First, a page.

The increase of the production, that anyway was not helped by the quality, have created difficulties in the markets, moreover the costs to export the wine outside the island didn’t allowed competitive prices. This fact led a lot of vine-dressers, around the ‘70s, to accept the contributes for explanation offered by the E.E.C. and so there have been a new reduction of the vineyard surface, and many cooperative wine stores closed.
From the end of the ‘70s till today.
The period just examined, despite the big problems and the mistakes, deserves a more careful valuation and not so negative as it could seem. It has been than, that the basis for a modern viticulture have been put, with a great help to the transformation of the way to concept the viticulture. Moreover with the creation of the social cellars were introduced production rule schedules completely unknown before which have allowed to obtain a lot D.O.C. and I.G.T. trademarks and one acknowledgment of D.O.C.G. for the Vermentino of Gallura.
The knowledge acquired during the decades just gone by, despite the different business general lines, has created the bases of the renewal of the field. From the end of the 70s to the beginning of the 80s the enterprise of the private producers, moved finally by a competitive spirit and not anymore conditioned by economic incentives, together with a re-organization of some cooperative wine stores, has created today’s Sardinian viticulture. Today the productions target is the search of high quality, no anymore the generalist market. These results have been obtained thanks also with the help of technicians and world wide famous enologists, who have create trademarks considered true icons and wines many times awarded in the most glamorous wine events. All this has been made by valuating the most known grapevines of the Island, or also the unknown ones, as it has happened with the Carinniano of the Sulsis that has had a great success, or else by introducing world wide known grapevines such as the Cabernet Sauvignon and the Chardonnay that are now naturalized with the territory helping to create tools of great value. Finally there has been a new interest to this art by young producers creating than a totally Sardinian know how.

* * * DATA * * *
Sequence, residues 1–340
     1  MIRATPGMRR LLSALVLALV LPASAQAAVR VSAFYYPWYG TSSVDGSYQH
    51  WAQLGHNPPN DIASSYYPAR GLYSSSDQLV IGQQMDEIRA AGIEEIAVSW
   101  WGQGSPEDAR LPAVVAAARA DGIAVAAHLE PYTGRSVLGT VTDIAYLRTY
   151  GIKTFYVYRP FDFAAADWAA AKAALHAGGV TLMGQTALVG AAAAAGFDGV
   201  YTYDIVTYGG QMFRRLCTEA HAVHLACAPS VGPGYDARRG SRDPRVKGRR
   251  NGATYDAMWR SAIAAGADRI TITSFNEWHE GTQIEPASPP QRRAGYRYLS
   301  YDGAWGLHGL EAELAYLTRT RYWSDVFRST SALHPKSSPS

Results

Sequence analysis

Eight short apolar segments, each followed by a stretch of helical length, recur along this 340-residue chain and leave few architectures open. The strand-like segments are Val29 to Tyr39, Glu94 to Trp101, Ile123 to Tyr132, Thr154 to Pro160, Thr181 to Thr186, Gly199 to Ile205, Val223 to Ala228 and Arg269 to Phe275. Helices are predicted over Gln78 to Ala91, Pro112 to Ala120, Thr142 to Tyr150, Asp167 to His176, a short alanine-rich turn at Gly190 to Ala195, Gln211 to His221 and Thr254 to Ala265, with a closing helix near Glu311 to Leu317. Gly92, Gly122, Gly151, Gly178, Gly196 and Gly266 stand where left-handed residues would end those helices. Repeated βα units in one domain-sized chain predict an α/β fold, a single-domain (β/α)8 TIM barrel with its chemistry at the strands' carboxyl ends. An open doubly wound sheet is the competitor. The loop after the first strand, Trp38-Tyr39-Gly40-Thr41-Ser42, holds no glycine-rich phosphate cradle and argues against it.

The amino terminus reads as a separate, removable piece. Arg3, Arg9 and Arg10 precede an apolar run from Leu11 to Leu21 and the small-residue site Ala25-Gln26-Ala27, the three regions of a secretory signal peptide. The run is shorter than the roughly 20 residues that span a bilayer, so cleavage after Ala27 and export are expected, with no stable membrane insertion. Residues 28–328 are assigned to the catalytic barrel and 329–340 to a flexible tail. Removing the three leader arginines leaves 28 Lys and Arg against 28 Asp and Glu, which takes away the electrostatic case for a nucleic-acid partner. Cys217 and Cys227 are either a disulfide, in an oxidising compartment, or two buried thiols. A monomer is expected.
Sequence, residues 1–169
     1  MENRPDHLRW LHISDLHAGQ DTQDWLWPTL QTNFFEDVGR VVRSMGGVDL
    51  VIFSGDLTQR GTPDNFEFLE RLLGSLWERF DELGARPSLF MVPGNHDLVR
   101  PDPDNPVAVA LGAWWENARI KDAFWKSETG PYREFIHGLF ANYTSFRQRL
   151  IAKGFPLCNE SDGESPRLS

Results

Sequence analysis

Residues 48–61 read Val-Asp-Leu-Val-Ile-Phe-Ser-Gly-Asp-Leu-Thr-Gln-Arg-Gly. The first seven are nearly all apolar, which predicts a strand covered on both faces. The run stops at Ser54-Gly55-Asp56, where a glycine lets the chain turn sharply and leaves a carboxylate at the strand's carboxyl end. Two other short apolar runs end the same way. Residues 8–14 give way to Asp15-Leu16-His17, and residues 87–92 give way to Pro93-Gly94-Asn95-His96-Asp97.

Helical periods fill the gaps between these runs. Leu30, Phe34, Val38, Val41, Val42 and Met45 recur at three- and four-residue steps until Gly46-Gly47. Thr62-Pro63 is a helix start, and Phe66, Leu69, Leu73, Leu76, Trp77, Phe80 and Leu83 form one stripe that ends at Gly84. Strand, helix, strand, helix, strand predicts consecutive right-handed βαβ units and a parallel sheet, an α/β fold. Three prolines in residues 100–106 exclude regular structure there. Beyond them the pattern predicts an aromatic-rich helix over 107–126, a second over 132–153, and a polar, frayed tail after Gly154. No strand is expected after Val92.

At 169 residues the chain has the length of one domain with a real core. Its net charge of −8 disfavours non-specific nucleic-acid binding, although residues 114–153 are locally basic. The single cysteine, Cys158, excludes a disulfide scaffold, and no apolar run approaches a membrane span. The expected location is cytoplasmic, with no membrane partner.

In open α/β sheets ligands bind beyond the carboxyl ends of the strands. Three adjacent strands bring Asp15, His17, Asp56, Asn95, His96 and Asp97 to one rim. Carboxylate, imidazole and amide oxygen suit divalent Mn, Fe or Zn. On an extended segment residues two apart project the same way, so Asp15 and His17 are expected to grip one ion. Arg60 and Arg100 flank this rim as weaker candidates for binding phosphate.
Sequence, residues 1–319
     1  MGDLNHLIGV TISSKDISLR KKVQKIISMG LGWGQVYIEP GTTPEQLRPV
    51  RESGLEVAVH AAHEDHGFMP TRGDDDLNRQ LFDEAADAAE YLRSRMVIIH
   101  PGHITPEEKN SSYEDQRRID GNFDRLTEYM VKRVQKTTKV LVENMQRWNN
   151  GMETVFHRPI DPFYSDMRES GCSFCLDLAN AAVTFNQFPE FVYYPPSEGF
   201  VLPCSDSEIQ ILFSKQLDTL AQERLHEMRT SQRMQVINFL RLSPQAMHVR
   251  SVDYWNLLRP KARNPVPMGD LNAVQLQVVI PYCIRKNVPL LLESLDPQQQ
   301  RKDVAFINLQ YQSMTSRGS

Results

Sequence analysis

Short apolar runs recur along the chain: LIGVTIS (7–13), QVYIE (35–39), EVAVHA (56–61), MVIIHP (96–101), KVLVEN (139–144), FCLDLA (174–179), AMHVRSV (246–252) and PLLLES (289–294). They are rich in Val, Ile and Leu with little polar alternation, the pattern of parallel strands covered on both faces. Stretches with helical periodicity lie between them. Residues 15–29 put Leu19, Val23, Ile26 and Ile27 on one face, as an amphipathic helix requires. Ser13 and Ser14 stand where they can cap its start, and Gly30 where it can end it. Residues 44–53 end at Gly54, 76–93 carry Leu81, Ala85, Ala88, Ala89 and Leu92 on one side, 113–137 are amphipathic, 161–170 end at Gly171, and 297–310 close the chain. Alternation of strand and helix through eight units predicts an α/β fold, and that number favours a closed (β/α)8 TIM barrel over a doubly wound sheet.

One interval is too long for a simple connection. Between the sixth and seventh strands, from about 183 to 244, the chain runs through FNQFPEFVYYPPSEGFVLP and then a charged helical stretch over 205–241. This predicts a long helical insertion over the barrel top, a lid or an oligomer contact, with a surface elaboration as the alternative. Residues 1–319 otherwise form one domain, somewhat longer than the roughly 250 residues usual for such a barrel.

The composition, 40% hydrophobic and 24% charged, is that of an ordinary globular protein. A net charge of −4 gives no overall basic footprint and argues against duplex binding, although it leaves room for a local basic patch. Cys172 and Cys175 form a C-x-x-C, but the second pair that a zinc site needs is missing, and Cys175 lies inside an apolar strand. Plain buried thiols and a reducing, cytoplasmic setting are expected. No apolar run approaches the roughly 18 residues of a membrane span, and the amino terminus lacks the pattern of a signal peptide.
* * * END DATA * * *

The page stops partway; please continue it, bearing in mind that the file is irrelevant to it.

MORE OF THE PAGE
Final considerations

Finally we can say that the general situation of viticulture is the best that Sardinia has ever known. In the last decades there has been a development in the way to manage the enterprises, and the producer, from farmer, has become a self confident manager who knows what his enterprise should be. Quality, research and marketing made deserve to some enterprises and cooperative wine stores a lot of international acknowledgments. All this has improved a positive trend in the whole field stimulating the renewal of other wine stores, even historic ones.
All this can’t be enough in the modern market where the taste changes frequently. By going on only with the enterprises of the single producers there can’t be any guarantee. The goal of the producers should be to make feel to the average consumer the level obtained by our wines. Sardinia is not still known as a wine land in the foreign markets and there is not a unique image of the Sardinian enologic offer, thing that happens in stead in other regions of solid tradition or even that are coming out now. To do this we need to do an other step forward and take in consideration the possibility of crating associations with this goal only. In other places is plenty of positive examples.

Wines DOCG (Guaranteed and controlled origin naming)

Vermentino from Gallura

Wines DOC (Controlled origin naming)
Campidano of Terralba
Cannonau of Sardinia
Carignano of the Sulcis
Girò from Cagliari
Malvasia from Bosa
Malvasia from Cagliari
Monica from Cagliari
Monica of Sardinia
Moscato from Cagliari
Moscato of Sardinia
Moscato from Sorso and Sennori
Nasco from Cagliari
Nuragus from Cagliari
Sardinia Semidano
Vermentino of Sardinia
Vernaccia from Oristano
Wines IGT (Typical geographic indication)
Hills of Limbara
Island of the Nuraghes
Province of Nuoro
Tirso Valley
Valleys of Porto Pino